Pennyfield Lock 22 – At the head of the final 1½ mile reach up to Violettes Lock – Lock 22 is newly refurbished and its level is watered but (12/2019) too low for boating.  Need small steps down into the Canal (right, left? side).

Stored on the CCA website at Access – A Restored C&O Canal


Appendix - Partial Rewatering of Level 14


   Here is a 4 mile long section which begs for rewatering.  Raising Widewater at the top end by a foot would allow paddling from the access bridge at Anglers both up-Canal and down.  That the Canal is dry in most places is due to fears of leakage or structure failure at several points, notably at the high masonry retaining wall down to the Potomac called “Highwalls” (Mile 11.1, just up from Carderock).  There the (ca 8-foot diameter) Dulles Sewer buried under the Canal in the 1960s has been watched for signs of possible catastrophic rupture.  In recent years the NHP has used 2-foot diameter plastic pipe to lead water in Level 14 over a leaky section at Culvert 15 (Mile 10.42) next to the road underpass at the entrance to Carderock Park.   This suggests a solution for raising the water level in much of this long reach.


Water Sources - In

– down the Canal entering Widewater at Lock 15

– off the uphill side of the 3½ miles of waterway down to Carderock


Waste Weirs - Out

– at Mile 9.67 – 1/5 mile up from Lock 14 (currently unused as this section is dry)

– at Mile 13 in the “Log Wall” * portion of the towpath along Widewater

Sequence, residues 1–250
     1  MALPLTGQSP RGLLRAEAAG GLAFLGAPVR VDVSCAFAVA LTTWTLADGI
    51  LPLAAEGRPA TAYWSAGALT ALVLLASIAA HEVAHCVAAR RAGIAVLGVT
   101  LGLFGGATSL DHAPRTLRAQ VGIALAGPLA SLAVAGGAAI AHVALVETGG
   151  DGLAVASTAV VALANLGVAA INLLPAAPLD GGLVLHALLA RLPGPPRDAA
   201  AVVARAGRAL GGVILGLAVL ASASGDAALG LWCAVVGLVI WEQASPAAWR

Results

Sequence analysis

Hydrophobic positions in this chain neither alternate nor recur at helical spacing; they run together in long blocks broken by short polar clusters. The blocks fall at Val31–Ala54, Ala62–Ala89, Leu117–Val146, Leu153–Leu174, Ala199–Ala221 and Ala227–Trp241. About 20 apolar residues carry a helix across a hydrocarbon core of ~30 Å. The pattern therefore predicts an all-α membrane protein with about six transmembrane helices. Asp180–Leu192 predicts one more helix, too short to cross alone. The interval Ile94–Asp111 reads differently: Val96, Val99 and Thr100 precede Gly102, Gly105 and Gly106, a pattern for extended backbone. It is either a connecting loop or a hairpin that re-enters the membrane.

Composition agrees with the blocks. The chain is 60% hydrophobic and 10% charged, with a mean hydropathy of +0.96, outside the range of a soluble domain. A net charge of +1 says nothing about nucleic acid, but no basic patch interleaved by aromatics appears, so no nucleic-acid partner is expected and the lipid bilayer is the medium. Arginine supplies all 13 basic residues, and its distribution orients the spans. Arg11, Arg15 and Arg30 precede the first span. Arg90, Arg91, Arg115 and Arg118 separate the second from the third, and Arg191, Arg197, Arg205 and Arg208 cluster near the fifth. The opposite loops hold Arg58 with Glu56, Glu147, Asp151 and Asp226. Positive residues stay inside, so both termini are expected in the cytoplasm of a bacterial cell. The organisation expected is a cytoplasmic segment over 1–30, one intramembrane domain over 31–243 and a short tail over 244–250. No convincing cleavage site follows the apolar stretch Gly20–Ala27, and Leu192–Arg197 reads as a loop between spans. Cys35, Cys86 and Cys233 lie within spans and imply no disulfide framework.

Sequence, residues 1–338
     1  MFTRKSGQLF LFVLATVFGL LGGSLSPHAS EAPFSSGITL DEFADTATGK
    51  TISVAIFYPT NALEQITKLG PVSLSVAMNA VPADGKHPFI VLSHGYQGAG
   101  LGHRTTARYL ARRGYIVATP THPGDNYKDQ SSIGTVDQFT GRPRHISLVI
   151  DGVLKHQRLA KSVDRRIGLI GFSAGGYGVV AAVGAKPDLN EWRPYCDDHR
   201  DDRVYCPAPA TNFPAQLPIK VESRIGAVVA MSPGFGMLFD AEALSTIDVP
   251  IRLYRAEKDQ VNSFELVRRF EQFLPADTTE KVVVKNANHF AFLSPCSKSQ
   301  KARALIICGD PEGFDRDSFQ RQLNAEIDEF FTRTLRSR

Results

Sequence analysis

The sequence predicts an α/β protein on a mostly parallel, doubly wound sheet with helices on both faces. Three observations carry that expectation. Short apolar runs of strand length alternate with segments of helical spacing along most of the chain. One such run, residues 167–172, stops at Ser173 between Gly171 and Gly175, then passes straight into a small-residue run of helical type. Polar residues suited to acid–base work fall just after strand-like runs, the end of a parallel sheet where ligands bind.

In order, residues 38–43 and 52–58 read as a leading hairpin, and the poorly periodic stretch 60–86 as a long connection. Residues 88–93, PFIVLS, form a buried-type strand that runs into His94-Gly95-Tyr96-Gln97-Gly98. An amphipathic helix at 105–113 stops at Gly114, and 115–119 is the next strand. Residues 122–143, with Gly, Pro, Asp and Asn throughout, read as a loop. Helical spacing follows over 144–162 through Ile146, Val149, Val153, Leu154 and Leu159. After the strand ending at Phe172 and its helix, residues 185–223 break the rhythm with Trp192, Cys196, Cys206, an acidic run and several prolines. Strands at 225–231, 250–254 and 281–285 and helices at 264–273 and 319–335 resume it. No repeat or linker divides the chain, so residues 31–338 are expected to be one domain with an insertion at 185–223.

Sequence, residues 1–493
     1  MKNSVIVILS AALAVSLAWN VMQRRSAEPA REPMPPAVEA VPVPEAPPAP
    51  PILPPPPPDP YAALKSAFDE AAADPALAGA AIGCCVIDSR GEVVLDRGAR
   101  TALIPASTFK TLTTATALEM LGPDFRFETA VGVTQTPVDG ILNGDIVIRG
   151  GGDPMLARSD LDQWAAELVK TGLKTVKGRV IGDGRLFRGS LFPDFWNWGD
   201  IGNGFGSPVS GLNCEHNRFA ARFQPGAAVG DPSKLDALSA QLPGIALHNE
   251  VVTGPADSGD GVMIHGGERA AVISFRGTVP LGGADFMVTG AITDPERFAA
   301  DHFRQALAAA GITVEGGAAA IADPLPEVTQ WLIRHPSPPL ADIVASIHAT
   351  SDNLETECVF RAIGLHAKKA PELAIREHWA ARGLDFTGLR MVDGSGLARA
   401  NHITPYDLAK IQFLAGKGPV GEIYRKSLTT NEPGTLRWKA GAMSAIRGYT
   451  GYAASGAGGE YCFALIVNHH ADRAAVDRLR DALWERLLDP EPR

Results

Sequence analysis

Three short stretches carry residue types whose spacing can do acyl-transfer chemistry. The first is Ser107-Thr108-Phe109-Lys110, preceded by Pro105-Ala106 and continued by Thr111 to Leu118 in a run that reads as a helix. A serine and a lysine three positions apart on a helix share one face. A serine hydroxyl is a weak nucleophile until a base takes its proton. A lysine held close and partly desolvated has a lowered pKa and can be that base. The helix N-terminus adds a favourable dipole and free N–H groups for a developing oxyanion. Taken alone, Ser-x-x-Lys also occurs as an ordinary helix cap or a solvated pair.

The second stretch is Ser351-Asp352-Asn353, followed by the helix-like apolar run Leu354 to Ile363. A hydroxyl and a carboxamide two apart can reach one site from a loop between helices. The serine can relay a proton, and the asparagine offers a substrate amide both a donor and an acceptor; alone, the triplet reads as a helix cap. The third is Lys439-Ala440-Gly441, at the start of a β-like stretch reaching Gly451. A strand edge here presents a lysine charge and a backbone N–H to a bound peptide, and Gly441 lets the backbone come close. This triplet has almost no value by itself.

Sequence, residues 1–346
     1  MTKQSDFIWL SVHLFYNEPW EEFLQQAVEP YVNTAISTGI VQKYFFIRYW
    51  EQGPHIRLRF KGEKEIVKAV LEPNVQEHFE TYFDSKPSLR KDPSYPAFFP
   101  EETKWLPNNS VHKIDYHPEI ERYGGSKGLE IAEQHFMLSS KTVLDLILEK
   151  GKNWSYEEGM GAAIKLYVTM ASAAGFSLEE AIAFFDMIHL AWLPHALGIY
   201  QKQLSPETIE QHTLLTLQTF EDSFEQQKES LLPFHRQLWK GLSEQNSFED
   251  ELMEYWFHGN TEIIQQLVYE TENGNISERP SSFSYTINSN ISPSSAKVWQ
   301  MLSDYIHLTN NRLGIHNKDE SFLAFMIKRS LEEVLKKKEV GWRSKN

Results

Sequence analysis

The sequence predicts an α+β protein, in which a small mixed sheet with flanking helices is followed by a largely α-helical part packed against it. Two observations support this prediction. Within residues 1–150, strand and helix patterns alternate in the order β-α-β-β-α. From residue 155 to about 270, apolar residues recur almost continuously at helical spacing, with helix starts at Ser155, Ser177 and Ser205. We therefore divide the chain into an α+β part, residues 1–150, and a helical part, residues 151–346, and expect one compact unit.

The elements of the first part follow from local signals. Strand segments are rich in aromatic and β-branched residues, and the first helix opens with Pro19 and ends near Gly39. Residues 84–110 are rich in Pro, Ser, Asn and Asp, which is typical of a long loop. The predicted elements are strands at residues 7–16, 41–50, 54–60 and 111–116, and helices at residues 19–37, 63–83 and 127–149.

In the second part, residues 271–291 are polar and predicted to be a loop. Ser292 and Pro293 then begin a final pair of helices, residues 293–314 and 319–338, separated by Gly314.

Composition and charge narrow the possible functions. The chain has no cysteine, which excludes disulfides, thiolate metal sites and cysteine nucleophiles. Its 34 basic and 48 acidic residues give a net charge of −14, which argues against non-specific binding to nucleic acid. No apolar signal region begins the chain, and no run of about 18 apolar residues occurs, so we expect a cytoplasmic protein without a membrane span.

At the top end of Highwalls an unnamed but constant trickle or spring comes out of the low left-side cliff, down into the Canal, where it flows both upstream and down. Above it is the intermittently navigable Little Widewater section of the reach; below it the Canal is practically dry. 


To restore 2¼ miles of navigable canal from here up past Marsden and Anglers footbridges through Widewater, a foot-high cofferdam could be built at the top end of Highwalls and the water from the spring led in a pipe similar to that at Culvert 15 – upstream-wards.  The 200 yards of canal at Highwalls and downstream from that dam would thus be dry, relieving pressure on the retaining wall.


In addition, to gain another 1½ miles of navigability down to Lock 14, another large plastic pipe could be built downstream-wards from the cliff-spring, releasing into the canal after Highwalls, with another cofferdam to keep the water from running back up into that section of the Canal.  This option has a far lesser cost/benefit ratio than the upstream one and may not be practicable.


  • In some of its literature the NHP has used “Logwall” to designate this part of the Canal at Mile 11 opposite Vaso Island.This place is properly called “Highwalls.”(Hahn, Towpath Guide, p. 36)“Logwall” describes the towpath walkway across the outflow from Widewater. (Hahn, p. 38)